at any time after the start of the emulsion polymerization the ratio Ve of the number of moles of the amount already added previously to the polymerization vessel of the at least one monomer including the proportion of the at least one monomer introduced into the polymerization vessel as initial charge to the number of moles of the starting polymer particles already added previously to the polymerization vessel in the form of the at least one aqueous dispersion of a starting polymer, standardized for the ratio of the number of moles of the total amount of the at least one monomer to be polymerized to the number of moles of the starting polymer particles to be added in total in the form of the at least one aqueous dispersion of the starting polymer, is within the range from >0 to 10;

at any time after the start of the emulsion polymerization the ratio Va of the number of moles of the starting polymer particles already added previously to the polymerization vessel in the form of the at least one aqueous dispersion of a starting polymer excluding the proportion of the at least one aqueous dispersion of a starting polymer introduced into the polymerization vessel as initial charge to the number of moles of the amount of the at least one monomer already added previously to the polymerization vessel excluding the proportion of the at least one monomer introduced into the polymerization vessel as initial charge, standardized for the ratio of the number of moles of the starting polymer particles added in total in the form of the at least one aqueous dispersion of a starting polymer to the number of moles of the amount of the at least one monomer added in total after the start of the aqueous emulsion polymerization, is within the range from 0 to 10;

on completion of the addition of the at least one monomer at most 10% of the starting polymer particles to be added in total in the form of the at least one aqueous dispersion of a starting polymer are added to the polymerization vessel;

on completion of the addition of the at least one aqueous dispersion of a starting polymer at most 30% by weight of the total amount of the at least one monomer to be polymerized is added to the polymerization vessel;

h) the final aqueous polymer dispersion contains from 1 to 5% of surface active substances, based on the total mass formed of the mass of the at least one radical polymerizable monomer and the mass of starting polymer to be added in the form of the at least one aqueous dispersion,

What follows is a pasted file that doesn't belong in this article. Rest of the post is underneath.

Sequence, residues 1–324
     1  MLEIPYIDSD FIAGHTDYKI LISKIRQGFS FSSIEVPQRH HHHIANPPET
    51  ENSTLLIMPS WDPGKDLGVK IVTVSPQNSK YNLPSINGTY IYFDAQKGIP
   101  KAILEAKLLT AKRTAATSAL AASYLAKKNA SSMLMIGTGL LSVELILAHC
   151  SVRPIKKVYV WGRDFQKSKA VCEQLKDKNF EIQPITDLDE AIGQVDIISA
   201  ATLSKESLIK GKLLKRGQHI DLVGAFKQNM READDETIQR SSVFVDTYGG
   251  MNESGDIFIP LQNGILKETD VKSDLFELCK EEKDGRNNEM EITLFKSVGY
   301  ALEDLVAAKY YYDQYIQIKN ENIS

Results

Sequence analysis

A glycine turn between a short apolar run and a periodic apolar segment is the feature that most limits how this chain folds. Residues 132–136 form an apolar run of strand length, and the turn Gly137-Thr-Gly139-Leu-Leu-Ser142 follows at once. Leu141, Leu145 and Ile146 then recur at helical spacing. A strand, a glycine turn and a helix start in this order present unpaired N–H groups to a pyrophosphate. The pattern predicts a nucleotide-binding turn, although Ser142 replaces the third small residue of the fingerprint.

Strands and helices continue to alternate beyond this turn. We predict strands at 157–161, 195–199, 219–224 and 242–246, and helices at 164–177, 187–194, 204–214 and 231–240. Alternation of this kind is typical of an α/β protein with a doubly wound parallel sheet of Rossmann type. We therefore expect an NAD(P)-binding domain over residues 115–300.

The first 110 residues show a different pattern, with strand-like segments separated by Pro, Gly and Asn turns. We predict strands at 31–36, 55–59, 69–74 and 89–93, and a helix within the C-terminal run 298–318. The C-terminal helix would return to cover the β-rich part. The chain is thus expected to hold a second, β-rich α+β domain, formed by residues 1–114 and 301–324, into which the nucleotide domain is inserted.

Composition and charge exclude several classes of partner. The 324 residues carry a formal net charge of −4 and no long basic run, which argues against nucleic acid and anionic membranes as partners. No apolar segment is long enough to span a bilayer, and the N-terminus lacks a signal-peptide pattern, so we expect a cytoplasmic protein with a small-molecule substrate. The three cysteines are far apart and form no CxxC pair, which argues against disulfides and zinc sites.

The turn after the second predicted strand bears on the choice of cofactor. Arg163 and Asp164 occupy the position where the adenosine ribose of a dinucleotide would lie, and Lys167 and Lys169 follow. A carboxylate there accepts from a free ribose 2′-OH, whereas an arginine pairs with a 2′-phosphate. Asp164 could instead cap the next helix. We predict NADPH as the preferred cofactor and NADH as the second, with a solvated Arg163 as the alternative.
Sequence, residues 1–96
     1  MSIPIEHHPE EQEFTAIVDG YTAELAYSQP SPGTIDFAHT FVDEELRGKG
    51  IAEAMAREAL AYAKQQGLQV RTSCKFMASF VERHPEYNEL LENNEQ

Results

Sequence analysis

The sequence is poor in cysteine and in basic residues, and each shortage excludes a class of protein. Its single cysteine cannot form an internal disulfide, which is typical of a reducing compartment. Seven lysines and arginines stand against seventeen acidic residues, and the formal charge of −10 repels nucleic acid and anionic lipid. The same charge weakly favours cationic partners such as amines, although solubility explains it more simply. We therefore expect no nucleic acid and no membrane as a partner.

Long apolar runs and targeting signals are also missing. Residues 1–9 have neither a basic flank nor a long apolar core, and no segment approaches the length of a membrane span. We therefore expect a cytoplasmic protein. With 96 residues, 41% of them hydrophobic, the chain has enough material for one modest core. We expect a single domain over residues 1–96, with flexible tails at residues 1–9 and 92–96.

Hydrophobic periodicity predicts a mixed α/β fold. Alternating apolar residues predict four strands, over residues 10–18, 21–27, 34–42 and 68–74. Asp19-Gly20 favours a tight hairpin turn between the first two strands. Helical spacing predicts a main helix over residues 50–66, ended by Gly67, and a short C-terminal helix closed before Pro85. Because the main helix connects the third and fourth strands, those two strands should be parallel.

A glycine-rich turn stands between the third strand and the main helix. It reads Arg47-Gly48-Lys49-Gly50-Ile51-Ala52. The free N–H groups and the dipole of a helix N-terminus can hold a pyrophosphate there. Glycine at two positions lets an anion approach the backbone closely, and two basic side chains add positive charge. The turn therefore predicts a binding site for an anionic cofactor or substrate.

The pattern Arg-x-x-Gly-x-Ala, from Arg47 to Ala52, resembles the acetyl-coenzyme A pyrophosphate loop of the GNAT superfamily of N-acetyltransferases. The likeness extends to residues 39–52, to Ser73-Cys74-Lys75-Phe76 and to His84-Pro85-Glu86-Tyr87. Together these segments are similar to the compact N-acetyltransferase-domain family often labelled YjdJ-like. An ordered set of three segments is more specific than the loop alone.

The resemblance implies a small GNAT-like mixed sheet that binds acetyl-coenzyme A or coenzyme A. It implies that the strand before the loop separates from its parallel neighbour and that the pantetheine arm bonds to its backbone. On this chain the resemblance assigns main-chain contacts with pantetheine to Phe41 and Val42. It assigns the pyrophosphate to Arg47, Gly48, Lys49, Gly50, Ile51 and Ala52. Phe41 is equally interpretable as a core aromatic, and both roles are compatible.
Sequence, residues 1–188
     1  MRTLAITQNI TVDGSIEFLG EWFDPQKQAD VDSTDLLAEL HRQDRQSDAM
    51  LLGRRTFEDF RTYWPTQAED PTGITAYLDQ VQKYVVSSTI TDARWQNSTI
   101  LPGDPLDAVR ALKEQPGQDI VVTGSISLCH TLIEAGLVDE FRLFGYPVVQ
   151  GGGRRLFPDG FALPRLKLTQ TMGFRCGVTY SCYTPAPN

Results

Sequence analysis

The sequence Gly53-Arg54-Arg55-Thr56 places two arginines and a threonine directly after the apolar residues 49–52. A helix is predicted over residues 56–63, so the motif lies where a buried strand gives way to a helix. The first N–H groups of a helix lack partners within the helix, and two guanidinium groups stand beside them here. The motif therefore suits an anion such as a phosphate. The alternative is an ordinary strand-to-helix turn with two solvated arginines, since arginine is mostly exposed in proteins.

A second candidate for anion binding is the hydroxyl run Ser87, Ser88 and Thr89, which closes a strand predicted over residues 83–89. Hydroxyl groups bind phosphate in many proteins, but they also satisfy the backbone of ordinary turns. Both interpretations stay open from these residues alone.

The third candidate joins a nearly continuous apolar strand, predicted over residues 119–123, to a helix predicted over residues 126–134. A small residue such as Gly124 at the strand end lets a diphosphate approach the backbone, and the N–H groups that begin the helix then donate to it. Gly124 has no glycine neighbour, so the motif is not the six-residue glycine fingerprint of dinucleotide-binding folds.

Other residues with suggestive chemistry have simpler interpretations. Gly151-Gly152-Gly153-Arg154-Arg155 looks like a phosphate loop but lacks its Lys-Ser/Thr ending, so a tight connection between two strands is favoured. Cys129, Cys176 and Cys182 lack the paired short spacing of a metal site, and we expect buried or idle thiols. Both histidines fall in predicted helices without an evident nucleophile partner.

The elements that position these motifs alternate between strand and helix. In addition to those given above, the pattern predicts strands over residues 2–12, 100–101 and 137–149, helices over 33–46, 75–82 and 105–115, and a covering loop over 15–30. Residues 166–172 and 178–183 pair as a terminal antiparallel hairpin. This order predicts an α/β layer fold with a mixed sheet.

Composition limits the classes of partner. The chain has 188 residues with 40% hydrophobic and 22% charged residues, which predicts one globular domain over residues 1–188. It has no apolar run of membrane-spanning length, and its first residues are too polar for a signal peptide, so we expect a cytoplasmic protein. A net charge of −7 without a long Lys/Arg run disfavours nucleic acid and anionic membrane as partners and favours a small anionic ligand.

i) of the total amount of surface active substances contained in the final polymer dispersion at most 15% by weight is introduced into the polymerization vessel as initial charge prior to the start of the free radical aqueous emulsion polymerization (aliquot A),

j) of the total amount of surface active substances contained in the final polymer dispersion at least 50% by weight are already part of the at least one aqueous dispersion to be added of a starting polymer (aliquot B),

k) the proportion of the total amount of surface active substances contained in total in the final polymer dispersion that is neither part of aliquot A nor part of aliquot B (namely aliquot C) is added to the polymerization vessel after the start of the free radical aqueous emulsion polymerization in such a way that at any time the total amount formed of the proportions of aliquots C and B already present in the polymerization vessel is less than 5% by weight, based on the total amount of monomers and polymer present in the polymerization vessel, and

1) the total amount used of free radical polymerization initiators is 0.1 to 5% by weight, based on the total amount of the at least one monomer to be polymerized, and is added to the polymerization vessel in the course of the free radical aqueous emulsion polymerization in such a way that the free radical aqueous emulsion polymerization continues to a minimum polymerization conversion of at least 90% of the total amount of the at least one monomer to be polymerized.

The present invention further relates to the process for preparing such final aqueous polymer dispersions and to the use thereof as binders and as materials for preparing coatings and adhesive joints.

Aqueous polymer dispersions are systems comprising polymer particles dispersed as disperse phase in an aqueous dispersion medium.

Polymer solutions form polymer films as the solvent evaporates. Aqueous polymer dispersions behave the same way on evaporation of the aqueous dispersion medium, which is why aqueous polymer dispersions find varied use as binders, for example for paints or for leather coatings.

Aqueous polymer dispersions having a high polymer content are of particular advantage in that, on the one hand, their relatively lower proportion of aqueous dispersion medium reduces the energy required for evaporating it, for example for film formation or for preparing polymer powders, and, on the other, the useful polymer can be stored and transported using a relatively smaller amount of aqueous phase as carrier medium.

However, there is a disadvantage in that, as the volume concentration of the polymer increases (U.S. Pat. No. 4,130,523), there are problems with the preparation of aqueous polymer dispersions. For instance, the flow resistance (the viscosity) increases and this increased viscosity makes it difficult not only to remove the heat of reaction but also to process the aqueous dispersion; secondly, there is an increasing tendency for the dispersed polymer particles to aggregate for reasons of thermodynamic stability. The resulting flocs [a) microflocs or specks; not normally removable by conventional filtration; b) macroflocs or coagulum; normally removable by conventional filtration] interfere in particular with the film forming of the aqueous polymer dispersions and are therefore generally undesirable.